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I have a lot of various types that have a common purpose, but little else in common. For the sake of explanation, they might as well be along the lines of:

type blah<'a> = Blah of 'a

type huha<'a> = Huha of 'a

I often need to repeat a large chunk of boilerplate that could go inside a function along the lines of:

let f (x:something<int>) (g:something<char> -> float) : float =

But that would require somehow enforcing that the two somethings in the type are the same. In other words, I would like to be able to call the function f as:

f (Blah 1) (fun (b:blah<float>) -> .... )
f (Huha 1) (fun (b:huha<float>) -> .... )

Obviously, a trivial solution is to create a discriminated union of all the types function f could possibly take, and make every g (i.e. f's second argument) check it got whatever type it expected. But that means having a massive type that causes the universe to recompile every time anything changes, and it's not like checking types at runtime helps a great deal either.

So, can someone please see a way of doing what I want in a typesafe way? Many thanks.

share|improve this question
Since this is .net, you could use an interface -- but I don't know how common they are in F#. – phg Jul 28 '12 at 10:17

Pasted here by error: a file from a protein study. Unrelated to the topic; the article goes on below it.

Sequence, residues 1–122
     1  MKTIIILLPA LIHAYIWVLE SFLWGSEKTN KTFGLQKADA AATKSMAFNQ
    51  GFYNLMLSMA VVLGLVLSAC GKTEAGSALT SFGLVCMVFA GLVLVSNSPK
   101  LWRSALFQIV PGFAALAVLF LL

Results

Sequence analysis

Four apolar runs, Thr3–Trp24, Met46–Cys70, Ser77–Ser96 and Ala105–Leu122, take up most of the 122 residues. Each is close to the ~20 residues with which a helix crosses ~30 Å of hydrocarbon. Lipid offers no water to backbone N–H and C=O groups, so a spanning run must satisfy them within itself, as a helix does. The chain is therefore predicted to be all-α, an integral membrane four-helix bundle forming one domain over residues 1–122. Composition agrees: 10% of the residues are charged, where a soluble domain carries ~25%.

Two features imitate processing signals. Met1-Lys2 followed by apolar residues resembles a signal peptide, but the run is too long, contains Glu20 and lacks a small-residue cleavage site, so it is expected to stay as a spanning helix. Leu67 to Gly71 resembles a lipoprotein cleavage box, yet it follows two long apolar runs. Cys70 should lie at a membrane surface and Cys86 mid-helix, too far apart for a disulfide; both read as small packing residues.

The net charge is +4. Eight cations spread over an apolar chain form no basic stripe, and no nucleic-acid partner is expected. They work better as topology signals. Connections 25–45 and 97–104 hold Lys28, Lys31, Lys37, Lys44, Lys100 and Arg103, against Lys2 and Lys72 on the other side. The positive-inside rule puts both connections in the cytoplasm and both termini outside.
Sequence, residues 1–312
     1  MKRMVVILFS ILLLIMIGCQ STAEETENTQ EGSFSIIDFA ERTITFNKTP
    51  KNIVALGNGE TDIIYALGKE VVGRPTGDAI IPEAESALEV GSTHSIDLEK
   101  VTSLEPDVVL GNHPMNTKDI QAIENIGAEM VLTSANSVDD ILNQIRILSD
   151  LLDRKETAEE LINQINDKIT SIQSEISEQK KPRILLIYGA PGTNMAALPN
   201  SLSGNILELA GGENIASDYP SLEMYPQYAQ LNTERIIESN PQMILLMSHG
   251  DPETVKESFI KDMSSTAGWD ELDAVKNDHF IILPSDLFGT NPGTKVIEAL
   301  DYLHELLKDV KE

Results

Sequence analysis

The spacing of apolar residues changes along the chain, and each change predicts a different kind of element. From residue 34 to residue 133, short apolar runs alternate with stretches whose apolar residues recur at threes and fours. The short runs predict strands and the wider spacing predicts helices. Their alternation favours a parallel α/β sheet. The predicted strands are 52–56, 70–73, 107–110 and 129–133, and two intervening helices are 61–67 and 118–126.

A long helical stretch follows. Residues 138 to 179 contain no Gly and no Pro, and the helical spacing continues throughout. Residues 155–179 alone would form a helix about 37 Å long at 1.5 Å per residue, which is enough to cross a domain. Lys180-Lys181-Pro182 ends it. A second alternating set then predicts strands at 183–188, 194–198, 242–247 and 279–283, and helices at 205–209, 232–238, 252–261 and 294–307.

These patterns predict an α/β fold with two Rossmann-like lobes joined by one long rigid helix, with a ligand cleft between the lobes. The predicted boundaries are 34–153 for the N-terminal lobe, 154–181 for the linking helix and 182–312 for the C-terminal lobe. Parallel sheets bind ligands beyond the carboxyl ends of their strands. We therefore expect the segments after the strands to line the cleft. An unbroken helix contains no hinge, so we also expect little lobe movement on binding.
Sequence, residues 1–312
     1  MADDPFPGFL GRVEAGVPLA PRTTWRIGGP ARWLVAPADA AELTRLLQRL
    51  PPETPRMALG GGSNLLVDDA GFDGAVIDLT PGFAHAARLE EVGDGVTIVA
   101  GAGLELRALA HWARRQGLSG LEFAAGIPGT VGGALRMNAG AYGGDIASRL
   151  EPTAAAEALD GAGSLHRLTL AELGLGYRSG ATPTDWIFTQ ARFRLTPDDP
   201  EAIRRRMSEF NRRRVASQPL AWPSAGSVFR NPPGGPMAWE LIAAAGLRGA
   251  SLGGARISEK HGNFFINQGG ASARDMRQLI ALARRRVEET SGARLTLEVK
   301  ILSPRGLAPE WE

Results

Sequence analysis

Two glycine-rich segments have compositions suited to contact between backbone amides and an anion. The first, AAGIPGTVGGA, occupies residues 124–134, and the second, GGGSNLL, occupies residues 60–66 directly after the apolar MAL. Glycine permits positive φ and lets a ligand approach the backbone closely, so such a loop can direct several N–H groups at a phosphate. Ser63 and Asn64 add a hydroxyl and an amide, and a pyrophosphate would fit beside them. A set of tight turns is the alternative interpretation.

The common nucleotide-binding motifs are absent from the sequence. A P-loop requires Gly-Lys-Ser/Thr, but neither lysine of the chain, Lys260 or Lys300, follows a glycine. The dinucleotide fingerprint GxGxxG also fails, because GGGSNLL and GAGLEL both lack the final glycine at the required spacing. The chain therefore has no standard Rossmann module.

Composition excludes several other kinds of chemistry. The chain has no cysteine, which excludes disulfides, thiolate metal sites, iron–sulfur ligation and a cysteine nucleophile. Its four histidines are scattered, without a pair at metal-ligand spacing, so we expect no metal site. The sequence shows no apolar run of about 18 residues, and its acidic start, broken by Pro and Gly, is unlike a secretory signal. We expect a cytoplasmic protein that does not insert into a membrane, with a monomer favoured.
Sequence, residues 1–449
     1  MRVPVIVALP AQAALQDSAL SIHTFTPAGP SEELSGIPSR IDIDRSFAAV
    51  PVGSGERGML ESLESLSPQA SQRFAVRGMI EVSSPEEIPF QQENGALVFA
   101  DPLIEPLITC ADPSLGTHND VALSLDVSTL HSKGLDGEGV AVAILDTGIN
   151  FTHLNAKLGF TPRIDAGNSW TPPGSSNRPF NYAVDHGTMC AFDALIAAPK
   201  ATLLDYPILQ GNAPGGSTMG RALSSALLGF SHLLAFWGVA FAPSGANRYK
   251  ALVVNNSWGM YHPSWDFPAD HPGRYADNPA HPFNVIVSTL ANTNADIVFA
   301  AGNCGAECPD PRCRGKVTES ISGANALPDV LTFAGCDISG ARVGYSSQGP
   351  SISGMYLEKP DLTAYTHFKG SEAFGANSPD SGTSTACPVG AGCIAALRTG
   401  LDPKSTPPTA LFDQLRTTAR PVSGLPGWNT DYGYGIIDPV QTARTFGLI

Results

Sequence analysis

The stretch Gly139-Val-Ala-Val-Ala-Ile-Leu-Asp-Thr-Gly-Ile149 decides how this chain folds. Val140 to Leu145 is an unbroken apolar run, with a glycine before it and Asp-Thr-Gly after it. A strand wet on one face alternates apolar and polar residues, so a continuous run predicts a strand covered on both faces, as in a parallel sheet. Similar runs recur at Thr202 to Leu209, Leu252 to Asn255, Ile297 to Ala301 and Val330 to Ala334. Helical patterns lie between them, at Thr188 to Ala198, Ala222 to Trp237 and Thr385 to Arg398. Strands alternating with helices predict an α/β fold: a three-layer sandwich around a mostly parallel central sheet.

Interfaces are implemented in F#, but I am not sure how that would help. So I make all my various types implement some particular interface. Now a copy of the code I want to write just once needs to go inside every type. And when I want to invoke that code, I need dynamic dispatch to get the right instance. But the implementations have to have the same type, so then I also need to make all the arguments behave in some common way. This seems to have all the evils of just using a discriminated union, and would also be more complex? Do I miss anything obvious please? – user1559410 Jul 28 '12 at 10:50
I didn't mean to implement the actual function at the interface, but something like extract : I<a> -> a. (this replacing the pattern matching). Then you could make f polymorphic, but constrain it to that interface and then extract the value that's relevant for that type: f x g = g (extract x). And this has the advantage over union types, that it is automatically extensible (not necessary to change the existing type definition). I hope that's what you meant. – phg Jul 28 '12 at 14:22
up vote 2 down vote accepted

As far as I understand, you cannot do this directly in F#.

But maybe operator overloading will help. You would have to implement f for every type, though. But maybe you can delegate to a common implementation.

A code example for operator overloading, ensuring the right types:

type T<'a> =
   | T of 'a
   static member (.+.) (l:T<int>, r:T<char> -> float) = 42.0

type U<'a> =
   | U of 'a
   static member (.+.) (l:U<int>, r:U<char> -> float) = 13.1

let ft (t:T<char>) = 42.0

let fu (t:U<char>) = 42.0

let t = T 42 .+. ft
let u = U 13 .+. fu

// does not compile:
let wrong = T 42 .+. fu
share|improve this answer
Many thanks for the answer – user1559410 Jul 30 '12 at 10:01

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